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Us Manufacturing Recovery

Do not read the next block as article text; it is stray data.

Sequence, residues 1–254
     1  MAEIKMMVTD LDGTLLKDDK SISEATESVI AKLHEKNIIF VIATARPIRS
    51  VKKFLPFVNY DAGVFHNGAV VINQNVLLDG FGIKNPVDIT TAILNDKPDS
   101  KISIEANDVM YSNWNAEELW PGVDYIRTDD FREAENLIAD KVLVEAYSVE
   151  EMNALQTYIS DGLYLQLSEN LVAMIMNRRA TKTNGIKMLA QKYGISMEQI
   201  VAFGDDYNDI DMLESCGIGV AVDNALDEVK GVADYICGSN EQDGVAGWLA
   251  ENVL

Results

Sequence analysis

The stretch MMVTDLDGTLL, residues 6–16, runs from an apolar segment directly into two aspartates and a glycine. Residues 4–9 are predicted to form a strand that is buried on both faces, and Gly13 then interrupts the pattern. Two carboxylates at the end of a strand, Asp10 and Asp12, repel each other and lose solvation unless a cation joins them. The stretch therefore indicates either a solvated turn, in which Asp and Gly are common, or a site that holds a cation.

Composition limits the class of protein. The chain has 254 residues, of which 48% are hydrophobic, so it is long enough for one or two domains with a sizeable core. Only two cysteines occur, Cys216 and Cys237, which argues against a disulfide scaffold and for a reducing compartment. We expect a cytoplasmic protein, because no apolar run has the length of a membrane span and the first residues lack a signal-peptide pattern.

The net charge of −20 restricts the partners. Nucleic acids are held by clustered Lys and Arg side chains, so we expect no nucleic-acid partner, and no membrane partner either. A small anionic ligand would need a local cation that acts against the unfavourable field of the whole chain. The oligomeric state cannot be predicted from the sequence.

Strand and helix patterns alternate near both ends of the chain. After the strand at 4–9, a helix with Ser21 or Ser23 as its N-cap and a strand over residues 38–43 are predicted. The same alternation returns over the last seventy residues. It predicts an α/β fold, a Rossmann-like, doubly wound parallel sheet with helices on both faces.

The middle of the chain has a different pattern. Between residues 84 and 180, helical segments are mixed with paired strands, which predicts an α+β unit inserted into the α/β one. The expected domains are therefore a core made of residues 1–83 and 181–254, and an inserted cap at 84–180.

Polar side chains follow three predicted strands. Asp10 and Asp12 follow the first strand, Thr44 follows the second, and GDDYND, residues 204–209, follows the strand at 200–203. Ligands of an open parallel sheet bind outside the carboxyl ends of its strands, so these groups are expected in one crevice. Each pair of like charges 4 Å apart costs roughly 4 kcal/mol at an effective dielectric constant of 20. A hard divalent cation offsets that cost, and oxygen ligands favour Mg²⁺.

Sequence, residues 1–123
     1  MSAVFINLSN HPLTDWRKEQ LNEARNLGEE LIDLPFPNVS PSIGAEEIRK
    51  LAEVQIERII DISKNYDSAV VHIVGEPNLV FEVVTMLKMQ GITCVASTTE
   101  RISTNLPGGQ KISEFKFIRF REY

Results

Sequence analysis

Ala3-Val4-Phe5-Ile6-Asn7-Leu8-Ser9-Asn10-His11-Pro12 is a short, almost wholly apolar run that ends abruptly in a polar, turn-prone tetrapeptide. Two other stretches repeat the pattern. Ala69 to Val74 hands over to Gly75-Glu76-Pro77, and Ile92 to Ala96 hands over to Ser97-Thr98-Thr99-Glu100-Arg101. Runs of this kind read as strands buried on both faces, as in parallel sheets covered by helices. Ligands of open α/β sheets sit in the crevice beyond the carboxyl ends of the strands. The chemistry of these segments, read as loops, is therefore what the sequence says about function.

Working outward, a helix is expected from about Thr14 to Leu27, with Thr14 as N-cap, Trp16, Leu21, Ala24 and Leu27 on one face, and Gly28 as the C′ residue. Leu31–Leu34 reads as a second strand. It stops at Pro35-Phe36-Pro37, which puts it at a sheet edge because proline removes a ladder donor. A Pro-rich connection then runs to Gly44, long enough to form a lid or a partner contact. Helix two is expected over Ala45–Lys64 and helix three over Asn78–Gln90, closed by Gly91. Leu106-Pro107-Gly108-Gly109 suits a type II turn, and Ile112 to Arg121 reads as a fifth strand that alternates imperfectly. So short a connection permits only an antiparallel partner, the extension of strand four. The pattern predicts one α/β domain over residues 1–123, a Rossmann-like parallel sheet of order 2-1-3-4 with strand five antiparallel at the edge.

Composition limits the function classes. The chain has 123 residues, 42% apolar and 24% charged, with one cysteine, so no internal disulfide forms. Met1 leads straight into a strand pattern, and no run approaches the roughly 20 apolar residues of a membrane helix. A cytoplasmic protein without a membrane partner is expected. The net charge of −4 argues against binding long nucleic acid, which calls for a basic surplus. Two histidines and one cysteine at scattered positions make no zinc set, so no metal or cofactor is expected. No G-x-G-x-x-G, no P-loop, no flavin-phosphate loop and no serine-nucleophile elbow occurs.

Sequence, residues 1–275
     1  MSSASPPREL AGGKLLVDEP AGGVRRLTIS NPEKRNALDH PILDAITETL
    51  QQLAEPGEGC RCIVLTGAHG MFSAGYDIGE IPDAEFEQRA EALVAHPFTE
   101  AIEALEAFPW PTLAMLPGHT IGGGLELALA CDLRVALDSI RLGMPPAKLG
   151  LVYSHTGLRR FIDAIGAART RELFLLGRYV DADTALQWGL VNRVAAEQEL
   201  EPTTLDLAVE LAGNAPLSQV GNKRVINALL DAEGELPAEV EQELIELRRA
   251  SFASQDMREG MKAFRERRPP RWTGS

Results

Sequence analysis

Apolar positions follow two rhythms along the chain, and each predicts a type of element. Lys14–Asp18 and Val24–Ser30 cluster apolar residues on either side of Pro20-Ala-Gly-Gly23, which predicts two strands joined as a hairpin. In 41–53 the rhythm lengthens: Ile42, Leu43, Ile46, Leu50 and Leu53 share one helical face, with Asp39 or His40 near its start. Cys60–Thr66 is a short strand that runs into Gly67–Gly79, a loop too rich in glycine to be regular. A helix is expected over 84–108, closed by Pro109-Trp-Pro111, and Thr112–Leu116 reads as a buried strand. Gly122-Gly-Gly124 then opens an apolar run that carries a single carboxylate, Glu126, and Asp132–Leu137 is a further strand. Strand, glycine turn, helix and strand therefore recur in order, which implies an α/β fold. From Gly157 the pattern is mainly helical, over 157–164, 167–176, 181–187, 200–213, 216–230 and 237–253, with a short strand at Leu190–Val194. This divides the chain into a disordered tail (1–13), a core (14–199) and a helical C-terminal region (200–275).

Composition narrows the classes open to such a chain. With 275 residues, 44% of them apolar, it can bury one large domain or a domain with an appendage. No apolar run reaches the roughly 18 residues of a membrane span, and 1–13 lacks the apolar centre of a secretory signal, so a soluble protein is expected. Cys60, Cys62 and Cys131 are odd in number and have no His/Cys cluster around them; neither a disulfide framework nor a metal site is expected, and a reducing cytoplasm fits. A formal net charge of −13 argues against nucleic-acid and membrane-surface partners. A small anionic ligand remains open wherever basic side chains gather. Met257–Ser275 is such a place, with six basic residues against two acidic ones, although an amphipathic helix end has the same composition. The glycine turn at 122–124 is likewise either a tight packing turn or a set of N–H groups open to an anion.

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It is no secret that the U.S. manufacturing sector has been in decline over the last 30 years. But a strong rebound in the production of durable goods such as cars and electronics, has helped revive the manufacturing sector and stimulated recovery from the recession. As early as 2013, manufacturing output only 4 percentage points was below the pre-recession peak level. A comparison between countries shows that America has fared better than most other G7 countries except Germany. But the recovery in Germany has stalled since mid-2011, while the United States is gaining momentum. An uneven recovery Our recent study, The U.S. Manufacturing Recovery: Uptick or Renaissance , discusses the U.S. manufacturing sector and demonstrates that, although they are impressive, the overall numbers of U.S. manufacturing recovery mask important differences among producers of durable goods and non-durable goods (such as food and clothing). The recovery from the recession has been driven almost exclusively by a surge in the production of durable goods. In contrast, nondurable goods have had a lackluster performance, its production is reaching 10% below pre-recession and only 6% above the minimum levels. Even within the durable goods sector, growth rates of production have varied substantially. Cars, computers and electronics and machinery have been the engine of most of the recovery. However, spikes in the production of machinery and automobiles have strong cyclical components (both products fell sharply during the crisis), while growth of the production of computers and electronics has been constant over the last decade. The energy revolution What factors might explain the sharp rise in the production of durable goods in the United States? The lowe... ... middle of paper ... ...ime / cost, cultural affinity and better guarantees the protection of industrial property. Some of the obstacles to fight, as has been repeatedly mentioned, are the lack of infrastructure development, the eradication of monopolies, the activation of the internal market, security and reforms in education and labor. To succeed in these areas would increase FDI and thus projects in key economic areas. Manufacturing currently receives about 40% of the resources from abroad. The current administration has the historic opportunity to make these adjustments in the economy and support the development from the production of goods and services with high added value. In order to achieve the 6% estimated by the Secretary of Finance, would hardly solve the basic employment opportunities and wealth generation aimed at social welfare needs, but certainly it would be a good start.
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